Nilanjana Sudeshna, who is well known as Jhumpa Lahiri, is one of the second generation immigrants in the USA and acknowledged as one of the women writers in Indian English literature for her Indian themes. She is a recent new wave literary artist and has won Pulitzer Prize for her short story collection Interpreter of Maladies (1999). She is a multicultural, diasporic, postcolonial, marginal South Asian Woman writer. This study concentrates on the cultural dilemmas of displacement, marginality, alienation and nostalgia faced by the Indian immigrants. It highlights Ashima’s acute sense of loss, pain and nostalgia for the native land and heightens her feelings of alienation and at times of deep despair. She is a true representative of a trishanku existence. Gogol, the second generation expatriate, is schizophrenic as he is torn between two nations India and America; between two names Indian and Russian; between two value systems, traditions and conventions, openness and the let go attitude, between science and creativity. And in this sense Gogol somewhere becomes a biographical character where Lahiri tries to give a tongue to the feelings of immigrants in the character of Gogol and tries and unravel the enormously disturbing truths about them. He tries to assimilate the host culture but he fails to acculturate it completely. Ashima and Gogol demonstrate the lives of hybridity, inbetweeness and liminality. It is their contra-acculturation and rooting for India that allows them peace and consolation in moments of catharsis. Through an extensive study of Gogol’s thought processes and decisions, actions and experiences, contra-acculturation is essentialised as ‘spiritual odyssey’ yielding him the much needed peace and solace.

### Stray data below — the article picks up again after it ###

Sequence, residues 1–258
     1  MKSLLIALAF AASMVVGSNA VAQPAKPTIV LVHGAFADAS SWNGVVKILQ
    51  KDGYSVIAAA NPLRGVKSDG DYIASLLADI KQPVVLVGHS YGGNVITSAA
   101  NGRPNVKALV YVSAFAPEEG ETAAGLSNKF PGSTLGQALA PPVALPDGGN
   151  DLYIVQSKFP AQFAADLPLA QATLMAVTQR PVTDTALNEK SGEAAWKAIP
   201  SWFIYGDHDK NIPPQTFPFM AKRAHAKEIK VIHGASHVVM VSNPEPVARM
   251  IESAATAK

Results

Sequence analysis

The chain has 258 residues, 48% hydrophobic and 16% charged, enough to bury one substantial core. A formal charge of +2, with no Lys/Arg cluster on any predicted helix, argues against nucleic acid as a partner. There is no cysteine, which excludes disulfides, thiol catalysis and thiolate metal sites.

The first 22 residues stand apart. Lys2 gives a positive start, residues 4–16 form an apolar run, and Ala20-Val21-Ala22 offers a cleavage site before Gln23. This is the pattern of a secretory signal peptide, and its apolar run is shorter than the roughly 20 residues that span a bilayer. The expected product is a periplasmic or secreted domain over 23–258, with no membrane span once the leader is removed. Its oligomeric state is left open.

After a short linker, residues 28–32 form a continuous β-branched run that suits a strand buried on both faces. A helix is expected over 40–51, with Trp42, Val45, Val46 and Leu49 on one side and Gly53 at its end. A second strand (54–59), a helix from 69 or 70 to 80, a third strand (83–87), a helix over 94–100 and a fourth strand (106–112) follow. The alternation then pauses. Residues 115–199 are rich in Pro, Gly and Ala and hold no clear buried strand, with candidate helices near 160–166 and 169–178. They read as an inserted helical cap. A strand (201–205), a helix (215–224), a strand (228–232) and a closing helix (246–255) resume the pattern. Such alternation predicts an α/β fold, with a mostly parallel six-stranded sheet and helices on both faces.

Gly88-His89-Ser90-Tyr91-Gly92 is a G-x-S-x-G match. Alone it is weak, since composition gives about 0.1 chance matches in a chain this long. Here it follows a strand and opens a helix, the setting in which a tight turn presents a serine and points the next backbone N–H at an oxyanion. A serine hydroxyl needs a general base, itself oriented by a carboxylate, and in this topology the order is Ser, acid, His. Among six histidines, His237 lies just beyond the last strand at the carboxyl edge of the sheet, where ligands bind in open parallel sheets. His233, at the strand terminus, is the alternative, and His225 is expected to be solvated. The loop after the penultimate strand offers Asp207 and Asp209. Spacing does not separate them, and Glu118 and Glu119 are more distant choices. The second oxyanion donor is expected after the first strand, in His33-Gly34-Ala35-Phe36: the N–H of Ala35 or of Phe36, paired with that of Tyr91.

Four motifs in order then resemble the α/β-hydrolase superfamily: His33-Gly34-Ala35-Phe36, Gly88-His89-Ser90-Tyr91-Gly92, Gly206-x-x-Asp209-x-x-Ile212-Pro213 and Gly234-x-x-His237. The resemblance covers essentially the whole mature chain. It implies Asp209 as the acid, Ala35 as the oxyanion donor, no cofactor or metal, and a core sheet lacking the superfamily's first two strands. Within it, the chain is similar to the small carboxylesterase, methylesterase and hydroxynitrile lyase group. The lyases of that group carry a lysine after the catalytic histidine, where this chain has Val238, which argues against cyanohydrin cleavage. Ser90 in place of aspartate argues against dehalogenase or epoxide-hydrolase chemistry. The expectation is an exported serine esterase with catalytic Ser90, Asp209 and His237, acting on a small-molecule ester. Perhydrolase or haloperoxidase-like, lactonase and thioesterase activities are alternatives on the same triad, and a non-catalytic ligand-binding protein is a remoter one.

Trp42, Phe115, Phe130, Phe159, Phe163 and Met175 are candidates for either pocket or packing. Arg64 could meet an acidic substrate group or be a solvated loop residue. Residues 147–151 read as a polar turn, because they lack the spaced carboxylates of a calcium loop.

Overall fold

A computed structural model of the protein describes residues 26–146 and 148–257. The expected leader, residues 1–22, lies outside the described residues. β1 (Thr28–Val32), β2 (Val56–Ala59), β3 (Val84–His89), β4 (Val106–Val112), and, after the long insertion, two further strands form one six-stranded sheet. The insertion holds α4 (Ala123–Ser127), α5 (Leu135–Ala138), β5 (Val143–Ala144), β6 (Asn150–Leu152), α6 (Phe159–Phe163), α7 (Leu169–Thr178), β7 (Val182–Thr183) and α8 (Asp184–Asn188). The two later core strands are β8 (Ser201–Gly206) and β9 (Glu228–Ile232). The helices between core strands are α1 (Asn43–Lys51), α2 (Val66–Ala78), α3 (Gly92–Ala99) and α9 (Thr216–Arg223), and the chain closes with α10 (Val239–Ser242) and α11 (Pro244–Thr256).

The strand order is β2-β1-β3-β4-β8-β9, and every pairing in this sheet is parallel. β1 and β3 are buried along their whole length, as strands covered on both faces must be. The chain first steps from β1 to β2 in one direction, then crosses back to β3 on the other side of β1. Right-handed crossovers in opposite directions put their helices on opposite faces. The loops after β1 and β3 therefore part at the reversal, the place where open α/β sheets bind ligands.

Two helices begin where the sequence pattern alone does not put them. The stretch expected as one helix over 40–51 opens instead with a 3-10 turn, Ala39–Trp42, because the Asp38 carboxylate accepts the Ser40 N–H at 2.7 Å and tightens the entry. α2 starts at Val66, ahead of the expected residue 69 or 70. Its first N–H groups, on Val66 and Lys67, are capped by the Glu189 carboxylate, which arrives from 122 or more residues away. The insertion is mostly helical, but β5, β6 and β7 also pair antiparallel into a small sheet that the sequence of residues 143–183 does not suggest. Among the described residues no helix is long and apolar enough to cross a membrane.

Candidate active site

Keywords : Trishanku, Spiritual Odyssey, Contra Acculturation, Catharsis, Nostalgia, Expatriate.